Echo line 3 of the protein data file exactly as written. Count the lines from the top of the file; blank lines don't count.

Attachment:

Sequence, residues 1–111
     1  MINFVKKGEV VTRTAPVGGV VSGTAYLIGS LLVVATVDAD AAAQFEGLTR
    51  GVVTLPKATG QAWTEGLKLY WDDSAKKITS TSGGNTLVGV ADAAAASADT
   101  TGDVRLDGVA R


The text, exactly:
    51  GVVTLPKATG QAWTEGLKLY WDDSAKKITS TSGGNTLVGV ADAAAASADT